You open your china cabinet or breakfront and realize you have more glassware than you’ll ever use. Should you store it somewhere? Sell it? Is it your grandmother’s crystal? What is it worth? If you plan to sell your crystal glassware, here are a few things you need to know first:

Is It Real Crystal?

Before you think about selling your heirlooms, you need to determine whether your glassware is truly crystal or just cut glass. Finding out who the manufacturer is, the age of the pieces, and whether it’s rare are important factors as well.

Tests to Tell the Authenticity

There are a few tests to know whether you own authentic leaded crystal. First, hold it up to sunlight. Sunlight will create a rainbow as it passes through, acting like a prism. The next test is the “sound” test. Real crystal will make a ringing sound when lightly tapped just under the rim of the glass with a spoon. If it just “thunks”, it’s glass. Another test for sound is this: Run a wet finger around the rim of your stemware or bowl. Glass will not make a noise, while crystal will ring or sound musical.

The final test is the weight test. Because of its lead content, genuine crystal always weighs more than glass. In addition, crystal is usually made much thinner.

Identify the Marks

After ascertaining your glassware is truly crystal, the next way to determine its value is to identify where and when it was made. In order to discover the manufacturer, turn over the bowl, vase, or glass and look at the bottom. There is often an acid-etched mark, a sticker, or a symbol on the base which can help you figure out who made it.

Go online or check in a book of crystal identification to compare if you find a logo or symbol. For example, to identify Fostoria crystal, look for a stylized “F”. Waterford may have an image of a seahorse on a sticker or an etching of the full Waterford name.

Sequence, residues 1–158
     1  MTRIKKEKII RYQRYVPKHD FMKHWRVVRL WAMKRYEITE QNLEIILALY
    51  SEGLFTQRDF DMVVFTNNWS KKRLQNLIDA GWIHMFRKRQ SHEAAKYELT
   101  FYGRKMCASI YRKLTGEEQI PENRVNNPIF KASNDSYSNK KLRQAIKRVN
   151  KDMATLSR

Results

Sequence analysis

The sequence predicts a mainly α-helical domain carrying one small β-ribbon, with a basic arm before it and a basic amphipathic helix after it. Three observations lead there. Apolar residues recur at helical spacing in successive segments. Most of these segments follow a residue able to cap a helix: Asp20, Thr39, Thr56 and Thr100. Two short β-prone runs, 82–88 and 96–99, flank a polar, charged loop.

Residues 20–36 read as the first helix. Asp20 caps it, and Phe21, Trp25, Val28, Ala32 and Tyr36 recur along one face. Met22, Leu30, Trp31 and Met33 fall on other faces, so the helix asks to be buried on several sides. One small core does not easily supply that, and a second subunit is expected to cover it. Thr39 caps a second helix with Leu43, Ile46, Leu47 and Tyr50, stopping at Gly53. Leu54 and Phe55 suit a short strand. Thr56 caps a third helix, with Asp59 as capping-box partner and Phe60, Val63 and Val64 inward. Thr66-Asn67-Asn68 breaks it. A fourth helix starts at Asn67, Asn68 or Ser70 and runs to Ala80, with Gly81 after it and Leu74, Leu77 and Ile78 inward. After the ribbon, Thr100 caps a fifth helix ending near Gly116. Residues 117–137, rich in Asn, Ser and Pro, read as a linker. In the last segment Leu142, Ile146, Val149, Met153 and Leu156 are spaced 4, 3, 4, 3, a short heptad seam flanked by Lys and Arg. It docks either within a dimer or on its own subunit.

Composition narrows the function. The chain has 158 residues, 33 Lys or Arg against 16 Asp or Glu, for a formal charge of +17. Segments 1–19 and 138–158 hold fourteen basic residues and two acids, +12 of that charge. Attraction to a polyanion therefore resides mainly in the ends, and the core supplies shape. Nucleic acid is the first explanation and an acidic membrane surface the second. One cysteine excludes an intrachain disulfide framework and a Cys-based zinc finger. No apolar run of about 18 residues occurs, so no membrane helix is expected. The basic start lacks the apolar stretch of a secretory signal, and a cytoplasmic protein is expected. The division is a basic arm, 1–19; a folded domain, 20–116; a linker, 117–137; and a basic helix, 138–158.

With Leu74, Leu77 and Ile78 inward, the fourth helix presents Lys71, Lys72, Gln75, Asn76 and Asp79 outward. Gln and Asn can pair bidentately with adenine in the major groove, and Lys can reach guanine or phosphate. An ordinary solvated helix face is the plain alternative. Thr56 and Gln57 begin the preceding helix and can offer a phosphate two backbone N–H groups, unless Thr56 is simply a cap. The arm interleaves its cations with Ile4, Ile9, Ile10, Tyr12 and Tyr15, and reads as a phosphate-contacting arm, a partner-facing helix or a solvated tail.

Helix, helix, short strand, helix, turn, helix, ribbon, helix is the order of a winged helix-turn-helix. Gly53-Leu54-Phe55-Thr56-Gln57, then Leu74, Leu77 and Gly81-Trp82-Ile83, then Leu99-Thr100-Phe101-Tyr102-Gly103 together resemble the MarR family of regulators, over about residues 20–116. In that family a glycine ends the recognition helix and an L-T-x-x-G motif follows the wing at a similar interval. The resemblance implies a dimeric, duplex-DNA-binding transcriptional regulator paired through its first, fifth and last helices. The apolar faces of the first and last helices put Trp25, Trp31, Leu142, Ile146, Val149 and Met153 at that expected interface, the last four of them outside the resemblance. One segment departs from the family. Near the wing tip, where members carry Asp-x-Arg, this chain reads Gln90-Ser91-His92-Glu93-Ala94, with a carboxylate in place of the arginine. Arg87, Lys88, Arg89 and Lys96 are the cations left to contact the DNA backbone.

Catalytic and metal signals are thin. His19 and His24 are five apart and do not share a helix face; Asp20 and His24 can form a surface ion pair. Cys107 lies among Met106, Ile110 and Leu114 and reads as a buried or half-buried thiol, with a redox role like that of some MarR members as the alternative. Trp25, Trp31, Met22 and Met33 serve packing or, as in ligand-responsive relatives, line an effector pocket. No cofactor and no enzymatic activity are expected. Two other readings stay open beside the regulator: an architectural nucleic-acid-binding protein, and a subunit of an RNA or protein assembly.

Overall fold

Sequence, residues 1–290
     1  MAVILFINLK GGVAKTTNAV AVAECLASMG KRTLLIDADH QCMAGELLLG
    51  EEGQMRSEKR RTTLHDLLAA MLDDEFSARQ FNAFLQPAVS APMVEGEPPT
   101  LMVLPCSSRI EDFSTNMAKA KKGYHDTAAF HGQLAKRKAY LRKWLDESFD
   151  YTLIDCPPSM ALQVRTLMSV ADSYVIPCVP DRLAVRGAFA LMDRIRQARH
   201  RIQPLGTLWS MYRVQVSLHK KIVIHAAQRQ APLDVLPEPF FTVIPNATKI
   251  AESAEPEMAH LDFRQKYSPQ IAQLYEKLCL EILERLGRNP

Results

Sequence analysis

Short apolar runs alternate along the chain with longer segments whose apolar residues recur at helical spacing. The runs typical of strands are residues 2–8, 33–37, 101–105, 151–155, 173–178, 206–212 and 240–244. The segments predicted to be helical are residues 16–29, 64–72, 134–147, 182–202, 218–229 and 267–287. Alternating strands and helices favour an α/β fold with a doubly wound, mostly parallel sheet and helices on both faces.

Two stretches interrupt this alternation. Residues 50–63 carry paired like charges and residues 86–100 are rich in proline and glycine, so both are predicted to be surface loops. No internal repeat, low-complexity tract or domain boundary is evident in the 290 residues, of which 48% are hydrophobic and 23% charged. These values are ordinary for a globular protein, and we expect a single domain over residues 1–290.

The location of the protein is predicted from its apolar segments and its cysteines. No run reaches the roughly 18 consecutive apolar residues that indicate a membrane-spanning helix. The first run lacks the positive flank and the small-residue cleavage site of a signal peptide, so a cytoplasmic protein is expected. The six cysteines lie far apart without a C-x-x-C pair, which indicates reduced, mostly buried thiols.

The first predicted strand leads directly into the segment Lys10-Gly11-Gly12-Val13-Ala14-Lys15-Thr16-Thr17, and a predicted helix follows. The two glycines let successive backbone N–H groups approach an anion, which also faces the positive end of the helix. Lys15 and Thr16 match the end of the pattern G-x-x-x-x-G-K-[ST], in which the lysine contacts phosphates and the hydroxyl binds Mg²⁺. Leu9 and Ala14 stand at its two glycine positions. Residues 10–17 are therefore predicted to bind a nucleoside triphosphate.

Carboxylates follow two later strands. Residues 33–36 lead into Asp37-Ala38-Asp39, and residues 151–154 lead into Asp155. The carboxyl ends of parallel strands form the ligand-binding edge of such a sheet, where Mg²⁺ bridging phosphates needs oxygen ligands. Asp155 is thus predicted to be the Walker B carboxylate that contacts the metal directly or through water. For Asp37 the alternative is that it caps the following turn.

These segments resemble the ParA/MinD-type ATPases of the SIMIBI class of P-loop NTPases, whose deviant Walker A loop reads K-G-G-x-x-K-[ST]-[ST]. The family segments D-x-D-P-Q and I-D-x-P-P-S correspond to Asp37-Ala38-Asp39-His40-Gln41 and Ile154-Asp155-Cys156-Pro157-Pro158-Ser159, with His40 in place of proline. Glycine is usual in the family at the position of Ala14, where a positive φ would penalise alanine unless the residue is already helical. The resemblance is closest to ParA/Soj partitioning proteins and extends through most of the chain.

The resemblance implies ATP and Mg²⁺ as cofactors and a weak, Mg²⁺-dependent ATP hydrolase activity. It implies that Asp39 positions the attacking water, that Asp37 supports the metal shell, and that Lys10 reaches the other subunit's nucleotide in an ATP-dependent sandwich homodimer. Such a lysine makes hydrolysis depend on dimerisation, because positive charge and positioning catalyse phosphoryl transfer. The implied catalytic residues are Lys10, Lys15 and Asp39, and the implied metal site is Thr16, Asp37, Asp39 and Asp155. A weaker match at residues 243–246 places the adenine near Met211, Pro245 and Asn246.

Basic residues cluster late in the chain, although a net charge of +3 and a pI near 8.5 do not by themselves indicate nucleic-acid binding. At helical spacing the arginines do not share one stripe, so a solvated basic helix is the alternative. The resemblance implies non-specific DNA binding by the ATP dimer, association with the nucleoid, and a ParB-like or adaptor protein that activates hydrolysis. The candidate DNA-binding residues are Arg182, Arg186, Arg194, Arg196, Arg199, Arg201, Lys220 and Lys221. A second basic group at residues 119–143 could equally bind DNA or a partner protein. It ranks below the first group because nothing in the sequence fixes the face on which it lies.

Pattern Identification

Does your crystal bowl or vase have a pattern carved in it? Even if you haven’t found a manufacturer’s mark, knowing the pattern may help determine its age or who made the crystal. There may be a pattern name on the bottom of the piece. If so, you can use that to figure everything out, which will lead you to knowing the value.

If there is no name or mark on the bottom of the crystal piece, make a rubbing of the pattern. Just lay a piece of tissue paper over the bowl and rub with a pencil. Compare the pattern to photos in books or online. If you can see the pattern clearly, taking a picture may work also.

Determining Value

The best way to determine value – especially if you are unable to identify the manufacturer – is to talk with Showplace Estate Buyers. It is their job to recognize patterns and makers, know the value of pieces, and even help you sell your collection.

Showplace Estate Buyers can help you with your crystal collection. Call today!